Answer of May 2013


Clinical History:

A 58-year-old gentleman presented with recent deterioration of right eye visual acuity and proptosis.
CT and MRI were performed.

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Orbital cavernous haemangioma


Orbital cavernous haemangioma is the most common adult orbital mass lesion, in this case presenting in an unusual location but with typical imaging features.

It is a low-flow venous malformation of the orbit characterized by endothelial-lined cavernous spaces, and is distinct from capillary haemangioma, a neoplastic tumour of infancy which involutes with age. It has a female predominance, age ranging from 18-72 years (mean age 43-48 years). Associations with Maffucci syndrome and blue rubber bleb naevus syndrome have been reported. Classically, the patient presents with progressive painless proptosis, and may have diplopia, visual impairment or increased intra-ocular pressure. It is mostly intra-conal in location (80%), usually in the lateral retro-bulbar intra-conal space, but can occur anywhere in the orbit, including extra-conal, intra-mucuslar, or even intra-osseous arising within the orbital bone. It is usually round or ovoid, lobulated, with sharp demarcation. It has a fibrous pseudocapsule.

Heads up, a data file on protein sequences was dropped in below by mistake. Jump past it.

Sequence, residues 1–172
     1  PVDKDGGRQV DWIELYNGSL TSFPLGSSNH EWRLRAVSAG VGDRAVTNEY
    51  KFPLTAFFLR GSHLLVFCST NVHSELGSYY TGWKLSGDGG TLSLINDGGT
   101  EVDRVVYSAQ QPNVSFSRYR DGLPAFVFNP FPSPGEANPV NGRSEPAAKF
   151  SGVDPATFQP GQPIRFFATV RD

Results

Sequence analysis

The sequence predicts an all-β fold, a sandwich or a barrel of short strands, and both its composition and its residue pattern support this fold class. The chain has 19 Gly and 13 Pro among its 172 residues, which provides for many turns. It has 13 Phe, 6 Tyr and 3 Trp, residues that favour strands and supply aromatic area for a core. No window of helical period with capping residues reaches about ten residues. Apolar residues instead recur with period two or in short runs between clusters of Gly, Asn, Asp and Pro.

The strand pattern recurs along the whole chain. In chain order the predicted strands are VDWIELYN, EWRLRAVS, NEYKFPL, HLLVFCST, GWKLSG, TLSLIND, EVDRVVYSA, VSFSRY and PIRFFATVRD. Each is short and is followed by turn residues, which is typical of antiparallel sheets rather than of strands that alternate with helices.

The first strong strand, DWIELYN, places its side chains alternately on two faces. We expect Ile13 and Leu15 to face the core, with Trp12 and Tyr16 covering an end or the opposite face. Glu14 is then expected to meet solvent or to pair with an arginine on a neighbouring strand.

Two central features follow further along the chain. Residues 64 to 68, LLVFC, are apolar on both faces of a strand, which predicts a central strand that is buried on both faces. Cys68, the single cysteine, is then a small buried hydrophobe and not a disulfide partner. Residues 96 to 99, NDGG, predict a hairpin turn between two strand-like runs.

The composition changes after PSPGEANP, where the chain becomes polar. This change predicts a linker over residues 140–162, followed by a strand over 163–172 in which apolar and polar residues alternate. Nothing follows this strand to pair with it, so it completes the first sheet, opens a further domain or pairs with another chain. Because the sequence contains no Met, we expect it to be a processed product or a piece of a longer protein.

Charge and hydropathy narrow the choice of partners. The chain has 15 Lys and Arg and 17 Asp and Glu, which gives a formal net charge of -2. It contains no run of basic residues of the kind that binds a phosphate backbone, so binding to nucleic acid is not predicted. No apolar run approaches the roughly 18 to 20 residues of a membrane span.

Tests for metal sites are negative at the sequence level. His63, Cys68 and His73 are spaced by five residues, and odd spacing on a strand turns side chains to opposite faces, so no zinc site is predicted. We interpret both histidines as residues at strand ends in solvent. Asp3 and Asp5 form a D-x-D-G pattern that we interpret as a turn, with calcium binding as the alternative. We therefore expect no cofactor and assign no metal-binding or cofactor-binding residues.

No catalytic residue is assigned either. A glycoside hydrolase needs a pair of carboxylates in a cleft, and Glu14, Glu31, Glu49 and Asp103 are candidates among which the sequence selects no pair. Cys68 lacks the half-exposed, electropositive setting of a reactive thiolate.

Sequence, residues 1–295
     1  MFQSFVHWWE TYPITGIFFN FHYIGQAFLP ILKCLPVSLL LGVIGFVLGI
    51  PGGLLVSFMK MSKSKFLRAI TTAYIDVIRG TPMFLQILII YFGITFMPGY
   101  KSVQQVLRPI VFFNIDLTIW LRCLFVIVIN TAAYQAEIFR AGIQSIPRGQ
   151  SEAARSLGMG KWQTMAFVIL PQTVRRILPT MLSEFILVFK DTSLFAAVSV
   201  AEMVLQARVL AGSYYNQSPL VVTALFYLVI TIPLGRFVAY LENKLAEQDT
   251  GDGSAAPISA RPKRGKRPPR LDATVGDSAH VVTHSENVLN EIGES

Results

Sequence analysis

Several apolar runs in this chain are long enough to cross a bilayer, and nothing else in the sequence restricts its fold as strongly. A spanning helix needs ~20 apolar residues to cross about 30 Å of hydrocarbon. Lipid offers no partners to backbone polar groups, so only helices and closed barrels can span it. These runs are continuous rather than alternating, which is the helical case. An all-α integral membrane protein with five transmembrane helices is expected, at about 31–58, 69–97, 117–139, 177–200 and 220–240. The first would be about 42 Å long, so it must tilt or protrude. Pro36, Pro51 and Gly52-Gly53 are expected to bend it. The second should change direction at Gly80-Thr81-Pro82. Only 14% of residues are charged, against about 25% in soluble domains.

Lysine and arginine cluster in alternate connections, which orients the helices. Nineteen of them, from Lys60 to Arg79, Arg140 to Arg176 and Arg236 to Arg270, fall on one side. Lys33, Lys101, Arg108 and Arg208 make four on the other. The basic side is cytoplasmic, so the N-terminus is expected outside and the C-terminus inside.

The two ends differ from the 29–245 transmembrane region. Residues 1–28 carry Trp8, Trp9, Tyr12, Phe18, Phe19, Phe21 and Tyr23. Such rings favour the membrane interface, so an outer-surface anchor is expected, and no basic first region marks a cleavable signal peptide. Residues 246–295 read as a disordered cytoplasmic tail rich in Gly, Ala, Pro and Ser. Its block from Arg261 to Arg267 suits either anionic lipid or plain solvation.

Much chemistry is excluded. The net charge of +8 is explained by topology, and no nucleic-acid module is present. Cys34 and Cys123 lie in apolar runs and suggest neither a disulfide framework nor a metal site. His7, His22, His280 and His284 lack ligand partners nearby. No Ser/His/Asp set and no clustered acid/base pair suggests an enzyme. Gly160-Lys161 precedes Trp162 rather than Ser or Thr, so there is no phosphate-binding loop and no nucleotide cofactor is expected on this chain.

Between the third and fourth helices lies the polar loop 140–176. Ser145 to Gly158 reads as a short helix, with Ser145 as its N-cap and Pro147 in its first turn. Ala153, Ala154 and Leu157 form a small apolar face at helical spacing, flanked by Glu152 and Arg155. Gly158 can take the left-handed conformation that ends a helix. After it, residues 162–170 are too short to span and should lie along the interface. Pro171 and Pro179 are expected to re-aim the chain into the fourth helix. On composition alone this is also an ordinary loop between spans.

CT: It is usually homogeneously isodense, and may be hyperdense due to microcalcifications. However, coarse punctuate macrocalcifications or phleboliths are not typical. Adjacent structures are displaced but not invaded. There is often benign bone remodeling in larger lesions, owing to its slow growth. It usually demonstrates patchy avid enhancement, as in this case.

MR: On T1WI, it is homogeneous and isointense to muscle, and may have a hypointense rim which represents the pseudocapsule. On T2WI, it is hyperintense and may show internal septations. Post-Gadolinium, it exhibits heterogeneous early patchy central enhancement, and may show delayed fill-in. However, it is usually not visible on routine MRA since it is a low-flow lesion.

Angiogram: It is essentially isolated from the systemic circulation and does not show distinct tumour blush. There may be delayed contrast pooling.

Differential consideration depends on the location (e.g. intra- vs extra-conal) and imaging features, but would generally include optic nerve sheath meningioma, optic nerve glioma, schwannoma, haemangiopericytoma, lymphoma & metastasis, orbital varix, lymphangioma, pseudotumour, lacrimal gland tumours, haematoma, sarcoidosis etc.

Symptomatic cases of cavernous haemangioma (visual disturbance, cosmesis, significant mass effect) are treated by surgical resection. The pseudocapsule facilitates complete resection with excellent prognosis and low recurrence rate.